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ISSUE 120 VOL 13 PUBLISHED 3/2/2007

True Norwegian music fills Boe

By Andrea Horbinski
Opinion Editor

Friday, March 2, 2007

The Oslo Chamber Choir (Kammerkor) filled Boe Chapel with authentic Norwegian notes on the evening of Feb. 20 as part of its American tour. The new and improved acoustics of the “renewed” Boe Chapel are particularly favorable to music such as the group’s a cappella singing, and the performers were justly asked for an encore.

The group entered the chapel with a processional piece, singing as they walked and eventually surrounding the entire audience. Their conductor, Håkon Daniel Nystedt, walked to the center of the middle aisle and led the group in a medley of Norwegian folk songs. The group sang an adaptation of the solo “kveding” style, which is often used at celebrations and funerals in Norway, and the effect in Boe was entrancing.

The folk songs included a lullaby, several religious folk tunes and a “halling,” a traditional Norwegian dance usually performed by a solo violin but adapted by soloist Berit Opheim for choir. The folk songs, particularly the lullaby and the halling, showcased the choir’s ability to stay together despite being so far apart from each other, in addition to their skill with different rhythms.

The Chamber Choir featured folk and contemporary singer Opheim as a soloist to great effect. Opheim wore a slightly more ornate gown than the black-clad chorus members and essentially led the group throughout the opening folk-music medley. Her clear, soaring voice seemed to inhabit the entire chapel space; it’s hard to imagine a voice coming closer to the a cappella ideal than hers.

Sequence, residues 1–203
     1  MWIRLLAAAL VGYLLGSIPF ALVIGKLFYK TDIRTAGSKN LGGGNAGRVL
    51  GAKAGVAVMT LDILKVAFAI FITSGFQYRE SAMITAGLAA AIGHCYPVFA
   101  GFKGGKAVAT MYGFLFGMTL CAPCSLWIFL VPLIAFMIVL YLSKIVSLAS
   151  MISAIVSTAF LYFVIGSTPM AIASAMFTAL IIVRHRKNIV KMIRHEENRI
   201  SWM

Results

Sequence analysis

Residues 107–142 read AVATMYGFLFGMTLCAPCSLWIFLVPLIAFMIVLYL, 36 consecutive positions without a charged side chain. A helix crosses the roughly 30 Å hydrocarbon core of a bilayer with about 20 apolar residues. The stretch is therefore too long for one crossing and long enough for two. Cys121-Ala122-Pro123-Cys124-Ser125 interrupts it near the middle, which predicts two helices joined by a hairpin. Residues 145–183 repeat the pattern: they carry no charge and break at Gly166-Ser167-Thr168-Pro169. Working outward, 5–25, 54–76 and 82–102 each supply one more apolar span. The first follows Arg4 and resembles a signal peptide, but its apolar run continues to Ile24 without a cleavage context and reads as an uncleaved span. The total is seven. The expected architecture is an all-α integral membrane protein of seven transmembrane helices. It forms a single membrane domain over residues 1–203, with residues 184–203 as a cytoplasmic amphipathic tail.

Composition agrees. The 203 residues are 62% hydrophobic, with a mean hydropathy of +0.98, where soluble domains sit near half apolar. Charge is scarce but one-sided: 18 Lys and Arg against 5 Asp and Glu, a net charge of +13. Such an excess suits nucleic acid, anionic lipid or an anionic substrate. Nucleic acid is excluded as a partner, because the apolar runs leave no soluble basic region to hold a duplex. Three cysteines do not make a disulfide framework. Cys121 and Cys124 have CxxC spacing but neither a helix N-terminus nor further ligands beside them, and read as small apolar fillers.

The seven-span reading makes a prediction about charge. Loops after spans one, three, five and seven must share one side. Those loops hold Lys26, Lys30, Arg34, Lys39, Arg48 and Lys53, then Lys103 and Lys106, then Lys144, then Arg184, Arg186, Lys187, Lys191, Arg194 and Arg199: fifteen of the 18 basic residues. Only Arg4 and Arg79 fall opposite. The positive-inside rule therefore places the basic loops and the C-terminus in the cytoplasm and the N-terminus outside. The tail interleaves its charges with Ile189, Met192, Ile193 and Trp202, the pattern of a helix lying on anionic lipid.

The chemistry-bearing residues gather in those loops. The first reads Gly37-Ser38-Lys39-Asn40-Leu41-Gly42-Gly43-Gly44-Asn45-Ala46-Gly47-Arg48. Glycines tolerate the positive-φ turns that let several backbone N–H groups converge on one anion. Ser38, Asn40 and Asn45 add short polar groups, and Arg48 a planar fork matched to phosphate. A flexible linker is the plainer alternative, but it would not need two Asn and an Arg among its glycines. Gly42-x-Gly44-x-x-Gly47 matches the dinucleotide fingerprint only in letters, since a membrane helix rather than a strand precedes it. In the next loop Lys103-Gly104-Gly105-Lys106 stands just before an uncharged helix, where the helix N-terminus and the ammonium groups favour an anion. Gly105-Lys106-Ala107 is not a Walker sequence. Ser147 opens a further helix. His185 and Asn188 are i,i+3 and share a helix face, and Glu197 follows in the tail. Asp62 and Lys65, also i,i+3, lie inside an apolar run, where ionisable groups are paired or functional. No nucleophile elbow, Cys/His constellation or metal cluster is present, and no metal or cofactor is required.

Besides the medley of folk songs, the choir also performed three parts of Edvard Grieg’s final work, “Four Psalms.” The choir performed psalms one, two and three, although not in order; they walked to the front of the chapel while singing the third, “Jesus Christus er opfaren,” which actually ended with “Kyrie eleison.” Even though the songs were all delivered in their original Norwegian, the choir gave full justice to the message of faith embodied in Grieg’s deathbed composition, which needed no translation.

Nystedt is only 27 years old, and he and many of his choir members appeared unnervingly youthful or uncannily like students around campus. But clearly youth is no determinant of skill, as Nystedt proved throughout the evening, particularly when leading the choir in several pieces composed by his own grandfather, Knut Nystedt. These pieces included “O Crux,” “Peace” and “Sing and Rejoice,” all of which, being in English, provided a nice change from the Norwegian.

All in all, the Oslo Chamber Choir was a welcome break from the usual chamber-choir fare found in North America. For a few hours, Boe Chapel and the audience in it might as well have been in Norway, and the audience, judging by their standing ovation and their demands for an encore, clearly and understandably wished the choir could extend their musical stay.

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